- News Home
6 March 2014 1:04 pm ,
Vol. 343 ,
Magdalena Koziol, a former postdoc at Yale University, was the victim of scientific sabotage. Now, she is suing the...
Antiretroviral drugs can protect people from becoming infected by HIV. But so-called pre-exposure prophylaxis, or PrEP...
Two studies show that eating a diet low in protein and high in carbohydrates is linked to a longer, healthier life, and...
Considered an icon of conservation science, researchers at World Wildlife Fund (WWF) headquarters in Washington, D.C.,...
The new atlas, which shows the distribution of important trace metals and other substances, is the first product of...
Early in April, the first of a fleet of environmental monitoring satellites will lift off from Europe's spaceport in...
Since 2000, U.S. government health research agencies have spent almost $1 billion on an effort to churn out thousands...
- 6 March 2014 1:04 pm , Vol. 343 , #6175
- About Us
ScienceShot: Versailles, Saturn Style
23 February 2010 5:11 pm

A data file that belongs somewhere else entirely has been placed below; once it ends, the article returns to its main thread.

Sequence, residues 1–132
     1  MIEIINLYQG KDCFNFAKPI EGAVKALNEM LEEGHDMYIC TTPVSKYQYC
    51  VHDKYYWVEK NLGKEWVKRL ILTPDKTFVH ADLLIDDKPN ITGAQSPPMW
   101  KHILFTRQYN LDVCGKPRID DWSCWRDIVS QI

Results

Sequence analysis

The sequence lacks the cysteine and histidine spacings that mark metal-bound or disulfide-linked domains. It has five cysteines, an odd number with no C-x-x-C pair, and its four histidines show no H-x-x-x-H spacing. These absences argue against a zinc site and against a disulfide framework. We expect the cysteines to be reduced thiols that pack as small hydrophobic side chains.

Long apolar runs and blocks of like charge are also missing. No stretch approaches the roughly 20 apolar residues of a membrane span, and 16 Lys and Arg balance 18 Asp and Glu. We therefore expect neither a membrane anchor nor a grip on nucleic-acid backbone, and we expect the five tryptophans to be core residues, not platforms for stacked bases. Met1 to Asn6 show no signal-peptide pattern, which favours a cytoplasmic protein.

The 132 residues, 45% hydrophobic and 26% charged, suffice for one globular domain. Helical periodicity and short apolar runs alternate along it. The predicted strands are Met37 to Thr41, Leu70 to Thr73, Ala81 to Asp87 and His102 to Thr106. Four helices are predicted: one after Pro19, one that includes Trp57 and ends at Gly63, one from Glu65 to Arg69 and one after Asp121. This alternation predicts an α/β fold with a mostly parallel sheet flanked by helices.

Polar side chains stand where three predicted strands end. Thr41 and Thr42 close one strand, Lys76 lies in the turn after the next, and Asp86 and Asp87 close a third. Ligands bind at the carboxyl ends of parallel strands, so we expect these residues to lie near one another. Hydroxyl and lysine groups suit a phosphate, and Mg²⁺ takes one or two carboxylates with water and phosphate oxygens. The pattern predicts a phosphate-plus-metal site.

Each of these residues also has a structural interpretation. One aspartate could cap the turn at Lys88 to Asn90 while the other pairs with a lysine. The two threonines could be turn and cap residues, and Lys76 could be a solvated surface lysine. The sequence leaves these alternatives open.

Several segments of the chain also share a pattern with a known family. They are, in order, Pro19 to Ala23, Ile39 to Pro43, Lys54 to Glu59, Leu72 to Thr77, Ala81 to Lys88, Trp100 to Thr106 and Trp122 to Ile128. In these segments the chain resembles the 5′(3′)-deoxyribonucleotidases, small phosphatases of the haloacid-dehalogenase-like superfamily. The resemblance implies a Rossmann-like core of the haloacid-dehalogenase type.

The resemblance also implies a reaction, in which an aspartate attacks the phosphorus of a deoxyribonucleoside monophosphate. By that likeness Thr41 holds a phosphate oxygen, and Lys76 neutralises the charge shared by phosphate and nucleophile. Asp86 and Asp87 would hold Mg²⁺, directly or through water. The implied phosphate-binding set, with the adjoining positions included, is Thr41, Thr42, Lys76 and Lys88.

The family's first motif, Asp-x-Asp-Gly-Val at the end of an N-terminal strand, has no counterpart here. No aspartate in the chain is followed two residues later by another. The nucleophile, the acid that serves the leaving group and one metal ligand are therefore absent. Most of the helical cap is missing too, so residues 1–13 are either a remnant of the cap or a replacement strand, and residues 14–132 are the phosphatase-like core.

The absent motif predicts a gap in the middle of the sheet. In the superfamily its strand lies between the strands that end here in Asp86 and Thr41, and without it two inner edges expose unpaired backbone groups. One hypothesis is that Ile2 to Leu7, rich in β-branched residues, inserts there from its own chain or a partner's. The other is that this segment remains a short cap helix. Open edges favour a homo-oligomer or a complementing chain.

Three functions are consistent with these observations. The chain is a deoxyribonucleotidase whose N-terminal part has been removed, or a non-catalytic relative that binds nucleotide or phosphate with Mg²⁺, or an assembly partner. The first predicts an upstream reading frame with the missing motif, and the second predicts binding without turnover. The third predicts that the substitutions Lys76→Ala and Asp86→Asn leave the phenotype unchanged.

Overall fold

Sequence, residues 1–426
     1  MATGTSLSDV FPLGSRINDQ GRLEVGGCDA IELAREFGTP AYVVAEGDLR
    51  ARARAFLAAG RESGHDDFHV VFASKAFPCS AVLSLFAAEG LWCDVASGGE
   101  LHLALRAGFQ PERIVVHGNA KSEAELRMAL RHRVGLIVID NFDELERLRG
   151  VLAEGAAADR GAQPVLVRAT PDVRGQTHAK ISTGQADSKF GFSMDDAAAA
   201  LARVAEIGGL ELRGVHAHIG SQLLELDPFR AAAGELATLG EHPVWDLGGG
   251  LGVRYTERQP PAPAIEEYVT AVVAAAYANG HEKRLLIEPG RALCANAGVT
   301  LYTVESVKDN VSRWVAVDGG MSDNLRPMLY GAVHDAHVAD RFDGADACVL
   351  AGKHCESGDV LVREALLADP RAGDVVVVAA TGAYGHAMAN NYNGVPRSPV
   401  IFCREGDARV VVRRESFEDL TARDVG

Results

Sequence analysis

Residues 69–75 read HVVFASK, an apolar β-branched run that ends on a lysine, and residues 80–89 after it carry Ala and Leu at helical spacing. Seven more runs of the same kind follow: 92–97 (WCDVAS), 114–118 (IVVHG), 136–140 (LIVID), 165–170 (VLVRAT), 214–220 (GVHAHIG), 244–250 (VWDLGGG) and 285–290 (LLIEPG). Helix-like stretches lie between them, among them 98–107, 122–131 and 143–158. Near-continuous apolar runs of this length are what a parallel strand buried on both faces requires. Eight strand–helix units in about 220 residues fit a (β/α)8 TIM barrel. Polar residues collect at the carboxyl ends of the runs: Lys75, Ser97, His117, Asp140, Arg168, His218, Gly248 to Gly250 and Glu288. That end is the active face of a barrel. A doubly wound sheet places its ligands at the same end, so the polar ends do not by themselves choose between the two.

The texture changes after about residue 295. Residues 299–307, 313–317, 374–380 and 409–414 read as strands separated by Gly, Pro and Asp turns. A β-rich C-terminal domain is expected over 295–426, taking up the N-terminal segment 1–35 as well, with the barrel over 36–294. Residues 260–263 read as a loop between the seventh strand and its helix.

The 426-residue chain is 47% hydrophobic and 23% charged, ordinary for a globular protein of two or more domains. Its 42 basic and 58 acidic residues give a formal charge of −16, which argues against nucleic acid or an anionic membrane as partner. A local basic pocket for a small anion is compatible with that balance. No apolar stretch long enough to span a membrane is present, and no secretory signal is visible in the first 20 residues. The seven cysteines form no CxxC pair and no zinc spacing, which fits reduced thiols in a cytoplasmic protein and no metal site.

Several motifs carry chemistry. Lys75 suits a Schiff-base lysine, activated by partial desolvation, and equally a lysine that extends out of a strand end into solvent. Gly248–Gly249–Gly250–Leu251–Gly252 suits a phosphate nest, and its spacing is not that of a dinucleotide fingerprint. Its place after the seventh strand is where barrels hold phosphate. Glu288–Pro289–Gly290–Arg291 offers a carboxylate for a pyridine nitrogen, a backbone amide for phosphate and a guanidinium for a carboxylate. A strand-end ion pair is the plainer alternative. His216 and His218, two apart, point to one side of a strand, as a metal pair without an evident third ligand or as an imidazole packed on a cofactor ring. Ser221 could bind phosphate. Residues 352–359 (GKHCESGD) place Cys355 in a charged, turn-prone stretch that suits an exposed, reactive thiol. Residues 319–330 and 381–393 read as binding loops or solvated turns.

In its latest flyby of Enceladus, the Cassini spacecraft has captured a veritable array of fountains spraying ice crystals and water above the moon's southern pole—a phenomenon unique in the solar system. Tidal forces created by gravity from the giant ringed planet and its other moons open fissures called "tiger stripes" in the deeply frozen surface of Enceladus. The gravity also warps the moon's ice and creates enough heat to force the ice and water out of the fissures and into space. This image, taken 21 November, will be the last of the geysers for a long time. Soon that region will be shaded from the sun for 15 years, hiding the fountains from Cassini's cameras.